What you see. The starting point for addressing any equine health related issue is your observation.


Masses, Strands or Floaters within Eyeball


Occasionally, strange bodies appear within the equine eyeball. Normal healthy horses have a projection from the top part of the iris known as the corpora nigra, which might be mistaken for an abnormality. This structure is thought to provide shade to the pupil and reduce glare, similar to a ball cap bill. The corpora nigra takes many shapes and forms in different horses. See the related media record Equine Eye, for a visual reference.

Tumors and cysts can be seen within the eyeball, especially near the colored part of the eye (iris). Strands or webs may be indicative of prior eye disease.

Tiny, moving pale or clear appearing bubbles are known as vitreous floaters. These are fairly common and are usually not considered a problem. Occasionally, parasites can be seen in the front chamber of the eye.

  • Code Red

    Call Your Vet Immediately, Even Outside Business Hours
    • If you notice other problems with the eye or the eye seems inflamed and painful.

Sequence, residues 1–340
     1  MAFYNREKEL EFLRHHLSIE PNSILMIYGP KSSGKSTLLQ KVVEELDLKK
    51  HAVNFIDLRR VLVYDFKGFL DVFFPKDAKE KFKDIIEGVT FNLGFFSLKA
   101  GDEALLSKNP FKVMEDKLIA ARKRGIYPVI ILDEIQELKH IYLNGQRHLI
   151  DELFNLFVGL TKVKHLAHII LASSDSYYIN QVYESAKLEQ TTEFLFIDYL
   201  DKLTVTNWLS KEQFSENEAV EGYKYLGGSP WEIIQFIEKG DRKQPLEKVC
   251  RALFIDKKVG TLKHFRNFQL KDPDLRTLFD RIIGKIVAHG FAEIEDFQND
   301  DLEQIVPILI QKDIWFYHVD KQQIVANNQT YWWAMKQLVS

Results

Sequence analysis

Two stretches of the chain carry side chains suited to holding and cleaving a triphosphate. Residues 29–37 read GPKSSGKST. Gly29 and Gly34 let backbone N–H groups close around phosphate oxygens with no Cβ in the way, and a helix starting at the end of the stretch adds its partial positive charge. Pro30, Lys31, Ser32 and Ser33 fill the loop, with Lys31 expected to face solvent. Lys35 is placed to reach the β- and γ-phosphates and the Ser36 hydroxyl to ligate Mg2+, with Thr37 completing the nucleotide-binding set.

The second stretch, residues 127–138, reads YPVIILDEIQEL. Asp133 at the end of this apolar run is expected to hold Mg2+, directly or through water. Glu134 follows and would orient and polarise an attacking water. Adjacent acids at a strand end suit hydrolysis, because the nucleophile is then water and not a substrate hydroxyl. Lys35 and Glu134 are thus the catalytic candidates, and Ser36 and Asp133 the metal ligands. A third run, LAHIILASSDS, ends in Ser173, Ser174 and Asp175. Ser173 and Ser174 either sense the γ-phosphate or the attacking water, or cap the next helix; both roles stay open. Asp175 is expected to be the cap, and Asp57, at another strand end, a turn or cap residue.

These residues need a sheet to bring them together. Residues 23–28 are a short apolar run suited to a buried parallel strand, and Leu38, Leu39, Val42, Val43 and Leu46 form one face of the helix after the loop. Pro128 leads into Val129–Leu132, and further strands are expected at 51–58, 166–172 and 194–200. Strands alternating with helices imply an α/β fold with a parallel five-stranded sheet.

• If the appearance of the mass seems to be changing rapidly.
  • Code Yellow

    Contact Your Vet at Your Convenience for an Appointment
    • If the eye appears otherwise normal.

your role


What To Do

Examine both of your horse's eyes carefully, and compare the affected to unaffected eye. Try to assess vision using the menace gesture.

If you have any difficulty discerning whether an eye-related mass is normal or not, share your findings and concerns with your vet. Take a photo of the suspected abnormality (using good light and close up view) and send it to your vet for discussion.

your vet's role

When it comes to the eye, your vet knows what is normal and what is not. Some subtle abnormalities may be of questionable significance. In that case, they may recommend sharing the images with a veterinary ophthalmologist.
Questions Your Vet Might Ask:
  • Are one or both eyes affected?
  • Can you see anything else going on with the eye(s)?
  • Does the eye look normal otherwise?
  • Is the horse showing signs of eye discomfort like squinting or blinking?
  • Do the left and right eye look the same to you?
  • Do you notice any change in the surface of the eye?
  • Does the horse have a menace response?

Treatments Your Vet May Recommend

A way to resolve the condition or diagnosis. Resolving the underlying cause or treating the signs of disease (symptomatic treatment)

Very Common
more treatments

further reading & resources

Author: Doug Thal DVM Dipl. ABVP